If I were a student in a high poverty public school, I would pose the following questions to my teachers, guidance counselor, principal, and parents/guardians. This piece is not intended to score cheap education reform or political points. After a few years experience teaching in a high poverty public middle school, this piece simply reflects some of my students points-of-view.
If I were a student, I would ask my teacher, “Why do you spend more time yelling at the misbehaving students, and not reminding me that I’m doing a great job? I would like to hear you tell me that you’re proud of me. I hate being ignored, especially when I’m doing everything I’m supposed to do.”
If I were a student, I would ask my teacher, “Why do I have to fill-in worksheets? Do you realize I live in a tech-dependent world? Why do I have to turn in my smart phone? Why can’t I use it for learning during class time? Why am I writing on a sheet of paper, when I could be practicing on my typing skills?”
If I were a student, I would ask my teacher, “ Do you genuinely care about me? Did you become a teacher because it’s a job or because you believe in me? I want a positive, fun, and exciting teacher. I want to come to your class, but I don’t want to be bored.”
If I were a student, I would ask my guidance counselor, “Why don’t we meet often to discuss my academic future? Do you really want me to go to a great university or are you just saying that because it sounds nice?”
If I were a student, I would ask my guidance counselor, “What should I be doing, now, to make sure I’m on the right path toward achieving academic success? It would be nice to have an individual education plan, not based on learning disabilities, but based on achieving MY academic goals.”
If I were a student, I would ask my principal, “Why are certain students allowed to ruin my school’s climate? Do you realize how much time my teachers spend on redirecting disruptive students? I’m tired of not being able to learn in a fun and exciting environment, because my teacher has to waste time calling someone’s parent, or filling out a referral form?
If I were a student, I would ask my principal, “Why do a majority of students get promoted, regardless of whether they mastered the skills they needed? Do you realize that I can tell which students have earned a promotion and which ones have not? Do you know that promoting all students, regardless of whether they earned it or not, tells me that the time and effort I put into completing my schoolwork doesn’t really matter?”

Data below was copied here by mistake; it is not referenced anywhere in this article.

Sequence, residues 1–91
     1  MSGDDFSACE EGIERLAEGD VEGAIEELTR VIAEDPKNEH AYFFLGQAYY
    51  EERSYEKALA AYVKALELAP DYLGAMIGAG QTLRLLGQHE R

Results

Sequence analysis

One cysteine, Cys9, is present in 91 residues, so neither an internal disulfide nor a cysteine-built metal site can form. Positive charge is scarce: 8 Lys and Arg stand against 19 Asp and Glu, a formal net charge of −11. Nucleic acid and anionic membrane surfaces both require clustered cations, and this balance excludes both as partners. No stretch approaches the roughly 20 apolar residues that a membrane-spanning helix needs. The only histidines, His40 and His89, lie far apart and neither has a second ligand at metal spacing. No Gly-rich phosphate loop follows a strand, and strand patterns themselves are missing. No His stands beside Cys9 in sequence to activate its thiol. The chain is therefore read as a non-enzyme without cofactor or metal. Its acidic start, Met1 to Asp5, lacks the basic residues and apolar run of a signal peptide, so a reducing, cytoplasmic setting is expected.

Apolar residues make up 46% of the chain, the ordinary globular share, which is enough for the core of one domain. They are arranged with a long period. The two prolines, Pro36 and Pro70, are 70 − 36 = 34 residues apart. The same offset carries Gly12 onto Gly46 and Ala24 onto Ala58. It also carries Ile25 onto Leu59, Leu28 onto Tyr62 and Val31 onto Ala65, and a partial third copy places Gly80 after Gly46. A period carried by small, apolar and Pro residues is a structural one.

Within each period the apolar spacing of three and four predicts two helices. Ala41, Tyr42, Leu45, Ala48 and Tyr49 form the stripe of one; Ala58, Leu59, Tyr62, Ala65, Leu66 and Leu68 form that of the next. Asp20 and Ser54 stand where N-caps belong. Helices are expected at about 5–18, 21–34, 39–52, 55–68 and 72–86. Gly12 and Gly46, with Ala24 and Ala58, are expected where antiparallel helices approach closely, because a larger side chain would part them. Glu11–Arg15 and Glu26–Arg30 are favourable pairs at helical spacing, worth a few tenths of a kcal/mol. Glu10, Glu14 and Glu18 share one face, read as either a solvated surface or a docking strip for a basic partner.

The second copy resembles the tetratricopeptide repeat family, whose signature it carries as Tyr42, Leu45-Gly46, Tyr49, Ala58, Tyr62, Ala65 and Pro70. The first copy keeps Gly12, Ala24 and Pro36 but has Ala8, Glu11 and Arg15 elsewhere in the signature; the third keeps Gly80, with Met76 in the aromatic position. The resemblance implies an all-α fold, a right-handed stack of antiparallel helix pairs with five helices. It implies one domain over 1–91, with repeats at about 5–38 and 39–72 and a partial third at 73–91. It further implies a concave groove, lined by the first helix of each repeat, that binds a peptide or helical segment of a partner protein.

If I were a student, I would ask my parents/guardians, “Why aren’t you a part of the my school’s PTA? Do you really want to be involved in my academic future? Do you really care about my well-being, while I’m at school?”
If I were a student, I would ask my parents/guardians, “Why haven’t you visited my school? Don’t you want to meet my teachers? Don’t you want to see my work hanging up in the classroom? I’m proud of my work. I want you to be proud of it too.”
If I were a student, I would ask my fellow classmates, “Why do you feel it’s ok to just show up to class? Do you really want to be a professional lawyer, doctor, artist, etc.? Do you really want to go to college, or are you just repeating a nice slogan? Do you know that you have the power and ability to control your academic success?”
All too often education reform debates claim to speak for students. Every education reformer, think tank, specialist, etc., claims to have the students’ best interests in mind. However, what’s missing in these discussions is the students’ points-of-view or student voice. Instead of spending so much time and energy slugging it out on the top floor, we need to focus more of our attention on the classroom level. Contrary to popular opinion, every public school is not created equal. Each one will have its own set of circumstances and challenges. So, instead of spending valuable time, energy, and resources searching for the illusive panacea, we should re-calibrate our efforts and try to understand our students’ points-of-view.